If it's the 14% who had a full sex change... well that reduces the number of people who have this option to what ? Maybe 5% ?

Comment Re: What is and isn't a human right (Score 1) 164

All that said though - my use of the example wasn't really intended to trigger a debate about which side is right here (I did state clearly which side I'm on but that's it) - I was merely using it as one of many examples where cities and states have had differing views on a topic and I think it's overreach for the state to force the city to change, especially since conservative/liberal attitudes very frequently get bordered by city-lines. Cities have a tendency to attract and foster liberal attitudes.

Right now, the federal government has not done it's job and determined if it is, in fact, a human right for people to be a gender other than the one commonly associated with their sex (to my mind - it's impossible to deny that without also denying basic freedom of expression and freedom of thought) - so in the meantime, at least allow citizens to decide for themselves, even if states and cities disagree on the outcome - it would be better than having states take away the few cities where government is NOT being obsessed with people's genitals.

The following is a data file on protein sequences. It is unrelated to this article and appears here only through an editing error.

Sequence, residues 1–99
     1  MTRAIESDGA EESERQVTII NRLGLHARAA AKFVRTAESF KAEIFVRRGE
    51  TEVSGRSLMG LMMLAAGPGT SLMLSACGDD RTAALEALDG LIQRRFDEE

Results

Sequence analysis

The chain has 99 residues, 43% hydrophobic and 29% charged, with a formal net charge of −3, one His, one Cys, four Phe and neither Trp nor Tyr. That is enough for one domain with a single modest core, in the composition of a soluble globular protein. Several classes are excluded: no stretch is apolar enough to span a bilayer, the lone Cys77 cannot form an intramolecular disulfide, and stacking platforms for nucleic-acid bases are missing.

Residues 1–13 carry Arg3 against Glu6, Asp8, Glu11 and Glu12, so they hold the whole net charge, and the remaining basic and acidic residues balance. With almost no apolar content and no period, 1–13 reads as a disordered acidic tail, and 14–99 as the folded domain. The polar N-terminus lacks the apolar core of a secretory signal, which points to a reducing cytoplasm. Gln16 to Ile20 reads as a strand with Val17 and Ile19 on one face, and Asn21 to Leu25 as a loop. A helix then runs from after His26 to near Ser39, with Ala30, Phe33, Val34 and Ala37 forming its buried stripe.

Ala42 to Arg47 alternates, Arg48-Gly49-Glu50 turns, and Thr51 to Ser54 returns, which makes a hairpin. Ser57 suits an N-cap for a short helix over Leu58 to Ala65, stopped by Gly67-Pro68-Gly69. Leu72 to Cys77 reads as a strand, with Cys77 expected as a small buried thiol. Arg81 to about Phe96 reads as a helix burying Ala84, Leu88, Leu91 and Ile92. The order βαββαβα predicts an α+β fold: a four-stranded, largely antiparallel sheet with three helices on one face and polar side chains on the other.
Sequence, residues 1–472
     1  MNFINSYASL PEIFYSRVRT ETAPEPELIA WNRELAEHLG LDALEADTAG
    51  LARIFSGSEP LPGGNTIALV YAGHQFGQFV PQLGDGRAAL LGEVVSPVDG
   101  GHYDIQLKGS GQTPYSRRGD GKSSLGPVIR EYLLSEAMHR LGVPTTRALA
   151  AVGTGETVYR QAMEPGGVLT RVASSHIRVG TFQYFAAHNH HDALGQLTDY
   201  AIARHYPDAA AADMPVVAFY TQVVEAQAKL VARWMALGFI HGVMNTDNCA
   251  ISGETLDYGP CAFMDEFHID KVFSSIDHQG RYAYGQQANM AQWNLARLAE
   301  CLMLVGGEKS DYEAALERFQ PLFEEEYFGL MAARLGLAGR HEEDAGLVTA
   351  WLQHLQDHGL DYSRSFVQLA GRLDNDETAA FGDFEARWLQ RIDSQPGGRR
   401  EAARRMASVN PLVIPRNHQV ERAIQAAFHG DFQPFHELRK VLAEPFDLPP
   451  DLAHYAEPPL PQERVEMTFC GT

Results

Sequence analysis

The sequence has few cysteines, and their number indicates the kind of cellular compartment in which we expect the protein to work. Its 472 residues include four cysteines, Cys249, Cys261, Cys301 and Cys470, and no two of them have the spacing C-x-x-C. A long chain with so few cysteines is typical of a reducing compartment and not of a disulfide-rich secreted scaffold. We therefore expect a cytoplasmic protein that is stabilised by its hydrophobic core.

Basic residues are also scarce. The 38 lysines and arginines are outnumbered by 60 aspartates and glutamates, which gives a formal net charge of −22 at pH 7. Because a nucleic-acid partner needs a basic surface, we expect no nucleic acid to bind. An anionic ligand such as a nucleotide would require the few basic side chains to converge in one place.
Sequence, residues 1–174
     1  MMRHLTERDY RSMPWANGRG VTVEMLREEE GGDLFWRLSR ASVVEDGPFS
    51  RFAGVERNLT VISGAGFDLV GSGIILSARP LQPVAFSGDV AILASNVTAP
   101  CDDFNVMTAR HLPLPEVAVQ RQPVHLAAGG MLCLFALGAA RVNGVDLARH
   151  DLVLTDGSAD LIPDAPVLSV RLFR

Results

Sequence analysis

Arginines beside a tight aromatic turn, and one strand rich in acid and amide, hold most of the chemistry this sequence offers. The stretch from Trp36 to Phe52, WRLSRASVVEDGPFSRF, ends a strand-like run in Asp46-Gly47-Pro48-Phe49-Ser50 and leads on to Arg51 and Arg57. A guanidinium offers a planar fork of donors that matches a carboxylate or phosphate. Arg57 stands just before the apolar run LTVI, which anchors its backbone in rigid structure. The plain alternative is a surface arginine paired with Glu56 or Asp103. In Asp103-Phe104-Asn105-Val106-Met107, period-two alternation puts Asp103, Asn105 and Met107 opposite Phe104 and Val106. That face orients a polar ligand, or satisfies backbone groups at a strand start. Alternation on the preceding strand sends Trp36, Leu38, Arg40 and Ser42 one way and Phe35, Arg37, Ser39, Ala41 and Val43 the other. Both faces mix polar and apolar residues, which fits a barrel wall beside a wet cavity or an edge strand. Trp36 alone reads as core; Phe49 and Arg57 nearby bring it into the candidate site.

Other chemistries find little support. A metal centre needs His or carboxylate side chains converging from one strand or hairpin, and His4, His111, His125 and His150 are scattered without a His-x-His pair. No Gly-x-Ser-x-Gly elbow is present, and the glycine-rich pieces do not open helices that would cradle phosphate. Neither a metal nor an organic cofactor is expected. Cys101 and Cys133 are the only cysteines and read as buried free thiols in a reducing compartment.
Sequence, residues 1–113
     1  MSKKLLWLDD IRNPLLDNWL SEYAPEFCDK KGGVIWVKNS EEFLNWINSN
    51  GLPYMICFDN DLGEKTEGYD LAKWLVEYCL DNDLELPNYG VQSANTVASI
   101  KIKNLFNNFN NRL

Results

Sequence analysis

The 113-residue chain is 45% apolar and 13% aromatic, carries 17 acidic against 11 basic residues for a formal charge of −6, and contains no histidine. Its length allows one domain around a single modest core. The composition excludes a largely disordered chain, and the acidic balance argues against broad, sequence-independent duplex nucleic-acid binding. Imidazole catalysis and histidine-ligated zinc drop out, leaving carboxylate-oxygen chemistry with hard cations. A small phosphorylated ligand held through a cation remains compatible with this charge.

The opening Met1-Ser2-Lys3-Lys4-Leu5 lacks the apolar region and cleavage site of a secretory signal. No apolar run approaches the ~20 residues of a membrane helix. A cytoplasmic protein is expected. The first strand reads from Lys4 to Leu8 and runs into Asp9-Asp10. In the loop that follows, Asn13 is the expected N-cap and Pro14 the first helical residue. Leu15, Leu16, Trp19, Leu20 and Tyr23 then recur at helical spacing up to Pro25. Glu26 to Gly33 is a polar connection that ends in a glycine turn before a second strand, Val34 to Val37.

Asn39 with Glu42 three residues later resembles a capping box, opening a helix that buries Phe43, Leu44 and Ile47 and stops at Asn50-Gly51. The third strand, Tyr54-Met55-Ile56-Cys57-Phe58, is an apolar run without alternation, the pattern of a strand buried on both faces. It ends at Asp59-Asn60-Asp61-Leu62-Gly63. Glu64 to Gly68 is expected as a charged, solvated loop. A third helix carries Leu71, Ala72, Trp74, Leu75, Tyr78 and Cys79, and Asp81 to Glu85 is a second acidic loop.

I'll never understand how 'small government' republicans who always talk about keeping government out of people's lives are so happy to invite it into people's pants.

Comment Re: What is and isn't a human right (Score 1) 164

>Every licensed driver, as a valid driver's license is a proxy for a birth certificate for this purpose.

That's fewer people than you think, and not all trans people are old enough to have one, and a drivers license can be changed if you legally change sex. They chose 'birth certificate' on purpose - exactly because, unlike a drivers license, it cannot be changed.

>Many of these bills exempt a single-digit-year-old child accompanied by his or her parent of the opposite sex
Not all of them though - but at least some of them must have heard this common complaint I guess. That said - these bills remain a nightmare for enforcement anyway. There's already been a bunch of people who were falsely accused of using a bathroom not matching their biological sex - by people who just thought they didn't look feminine/masculine enough to be a women/man. The irony is that trans people try very hard to be indistinguishable - it's the only way to survive - and frankly a trans-women will usually present and appear more feminine than average - which means a great many women look less feminine than a trans-women does (and vice versa).

The biggest clencher of all of course... is that the people who write these bills always forget about trans-men, and seem oblivious to the fact that they just sent a bunch of ultra-masculine, muscled 6-foot-four dudes with beards into the ladies room because they happen to have a vulva.

And of course, most of them never think to add an exclusion for intersex people -if your genitals are ambiguous, you don't get to pee at all ?